London 14 July: A senior figure in the Church of England has described the recent papal encyclical as unlikely to produce the desired reduction in global poverty.
In a commentary on Pope Francis’s recent encyclical on the environment, Peter Forster, the Bishop of Chester, and the Labour peer Bernard Donoughue, say while they share the Pope’s deep desire to reduce poverty, they are concerned the very policies advocated by the papal encyclical are more likely to hinder than advance this great cause.
In a paper published today by the London-based Global Warming Policy Foundation (GWPF), the authors argue that “the encyclical is coloured too much by a hankering for a past world, prior to the Industrial Revolution, which is assumed to have been generally simpler, cleaner and happier. There is little historical evidence for such a vision, and for most people then life was brief, painful, poor, and even brutal.”
Bishop Peter Forster said:
“Pope Francis should certainly be commended for his desire to deal with poverty in the developing world, but it is hard to see how he hopes to do so without economic growth and fossil fuels, both of which he thinks are unnecessary evils.”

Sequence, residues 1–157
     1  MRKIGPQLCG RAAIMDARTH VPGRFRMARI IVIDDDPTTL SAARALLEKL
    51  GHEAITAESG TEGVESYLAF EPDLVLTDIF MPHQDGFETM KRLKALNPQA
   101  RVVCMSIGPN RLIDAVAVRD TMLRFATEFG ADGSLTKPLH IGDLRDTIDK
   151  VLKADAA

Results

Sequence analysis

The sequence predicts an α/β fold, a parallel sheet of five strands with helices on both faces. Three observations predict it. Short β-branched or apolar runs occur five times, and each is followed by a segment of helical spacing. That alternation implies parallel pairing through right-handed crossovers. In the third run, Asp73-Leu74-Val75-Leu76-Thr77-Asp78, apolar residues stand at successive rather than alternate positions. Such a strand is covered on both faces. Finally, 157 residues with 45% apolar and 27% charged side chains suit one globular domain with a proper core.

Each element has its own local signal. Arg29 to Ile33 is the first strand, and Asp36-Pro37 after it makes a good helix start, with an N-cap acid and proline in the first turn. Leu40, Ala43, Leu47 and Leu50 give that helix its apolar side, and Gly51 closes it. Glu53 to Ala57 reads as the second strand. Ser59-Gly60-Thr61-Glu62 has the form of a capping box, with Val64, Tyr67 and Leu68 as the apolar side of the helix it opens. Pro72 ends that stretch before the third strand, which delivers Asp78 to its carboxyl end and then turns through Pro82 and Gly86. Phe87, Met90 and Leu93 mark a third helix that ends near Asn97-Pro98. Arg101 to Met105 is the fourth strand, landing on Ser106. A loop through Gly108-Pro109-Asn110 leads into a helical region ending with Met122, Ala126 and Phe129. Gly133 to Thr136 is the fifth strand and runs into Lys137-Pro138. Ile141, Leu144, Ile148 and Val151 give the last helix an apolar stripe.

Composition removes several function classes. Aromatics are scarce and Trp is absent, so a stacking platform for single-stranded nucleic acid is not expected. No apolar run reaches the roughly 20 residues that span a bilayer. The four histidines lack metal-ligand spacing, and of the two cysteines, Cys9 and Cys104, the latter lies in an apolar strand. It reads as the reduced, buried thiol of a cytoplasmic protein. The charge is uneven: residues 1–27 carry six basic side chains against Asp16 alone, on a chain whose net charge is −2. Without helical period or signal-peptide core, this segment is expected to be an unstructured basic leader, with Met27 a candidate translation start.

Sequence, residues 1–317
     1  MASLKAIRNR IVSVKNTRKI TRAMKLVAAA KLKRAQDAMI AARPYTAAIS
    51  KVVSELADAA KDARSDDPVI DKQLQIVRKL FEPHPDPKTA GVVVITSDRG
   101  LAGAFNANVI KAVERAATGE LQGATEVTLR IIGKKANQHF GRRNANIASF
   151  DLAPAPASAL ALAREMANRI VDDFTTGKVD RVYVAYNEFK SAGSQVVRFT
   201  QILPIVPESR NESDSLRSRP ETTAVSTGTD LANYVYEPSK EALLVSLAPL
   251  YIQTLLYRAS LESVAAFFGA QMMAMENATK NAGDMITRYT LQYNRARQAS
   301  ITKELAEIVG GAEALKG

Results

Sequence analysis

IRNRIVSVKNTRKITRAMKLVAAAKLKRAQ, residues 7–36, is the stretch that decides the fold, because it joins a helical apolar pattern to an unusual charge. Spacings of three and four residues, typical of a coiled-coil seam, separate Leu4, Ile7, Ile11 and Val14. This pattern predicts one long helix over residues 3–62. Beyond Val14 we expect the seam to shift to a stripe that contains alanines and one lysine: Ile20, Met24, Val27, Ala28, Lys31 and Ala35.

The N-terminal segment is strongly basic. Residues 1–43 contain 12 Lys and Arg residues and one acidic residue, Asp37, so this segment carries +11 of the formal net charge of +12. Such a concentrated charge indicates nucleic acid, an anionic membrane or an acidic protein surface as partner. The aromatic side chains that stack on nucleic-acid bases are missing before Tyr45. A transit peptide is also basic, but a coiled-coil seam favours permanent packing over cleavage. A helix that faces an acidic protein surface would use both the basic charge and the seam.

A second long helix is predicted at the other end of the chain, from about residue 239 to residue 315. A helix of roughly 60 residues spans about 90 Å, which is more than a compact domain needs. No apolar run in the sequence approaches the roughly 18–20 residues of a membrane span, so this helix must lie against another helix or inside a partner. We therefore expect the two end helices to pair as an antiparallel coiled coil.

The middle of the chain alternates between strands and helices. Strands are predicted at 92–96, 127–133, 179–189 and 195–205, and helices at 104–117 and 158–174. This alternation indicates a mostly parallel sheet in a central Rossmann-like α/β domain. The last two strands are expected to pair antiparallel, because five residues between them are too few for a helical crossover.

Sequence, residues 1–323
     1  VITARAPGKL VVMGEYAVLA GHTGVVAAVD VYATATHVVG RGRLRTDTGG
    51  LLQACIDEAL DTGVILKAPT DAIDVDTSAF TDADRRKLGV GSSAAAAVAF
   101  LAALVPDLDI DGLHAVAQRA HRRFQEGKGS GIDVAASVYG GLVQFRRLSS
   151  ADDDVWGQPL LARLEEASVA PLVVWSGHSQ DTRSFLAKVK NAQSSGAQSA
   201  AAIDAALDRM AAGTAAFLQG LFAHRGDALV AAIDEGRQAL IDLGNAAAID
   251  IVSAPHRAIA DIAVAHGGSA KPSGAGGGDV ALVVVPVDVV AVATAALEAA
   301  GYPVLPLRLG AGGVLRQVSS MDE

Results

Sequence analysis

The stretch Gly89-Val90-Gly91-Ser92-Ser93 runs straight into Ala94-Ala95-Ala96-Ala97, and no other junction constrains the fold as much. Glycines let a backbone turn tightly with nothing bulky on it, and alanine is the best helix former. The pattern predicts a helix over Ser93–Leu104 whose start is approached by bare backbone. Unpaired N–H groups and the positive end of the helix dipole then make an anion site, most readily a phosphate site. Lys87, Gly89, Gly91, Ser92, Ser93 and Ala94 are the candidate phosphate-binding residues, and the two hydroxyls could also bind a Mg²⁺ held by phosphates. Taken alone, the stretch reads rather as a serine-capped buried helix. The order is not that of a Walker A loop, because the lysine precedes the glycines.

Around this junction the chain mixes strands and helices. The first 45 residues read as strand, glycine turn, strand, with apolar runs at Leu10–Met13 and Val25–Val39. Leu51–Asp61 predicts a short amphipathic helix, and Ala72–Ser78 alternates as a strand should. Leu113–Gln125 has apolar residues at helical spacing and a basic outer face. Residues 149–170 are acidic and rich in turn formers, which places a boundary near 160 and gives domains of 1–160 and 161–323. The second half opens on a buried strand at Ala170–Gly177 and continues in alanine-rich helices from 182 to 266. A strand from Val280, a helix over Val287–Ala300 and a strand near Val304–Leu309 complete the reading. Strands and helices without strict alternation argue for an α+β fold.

The authors are also critical of the failure of Pope Francis to address some of the most pressing moral dilemmas in the environment debate.
Lord Donoughue said:
“Wood and dung fires may be renewable energy sources but their disastrous impact on human health is undeniable. We would have liked to have seen the encyclical address moral dilemmas like this head on. We would also have liked to have known Pope Francis’s view on the bans on development aid for fossil fuel plants that so many western governments have put in place.”
Full paper (pdf)
About the authors
Peter Forster is Bishop of Chester and Bernard Donoughue is a former special adviser to two Labour Prime Ministers. Both are Trustees of the Global Warming Policy Foundation and Members of the House of Lords.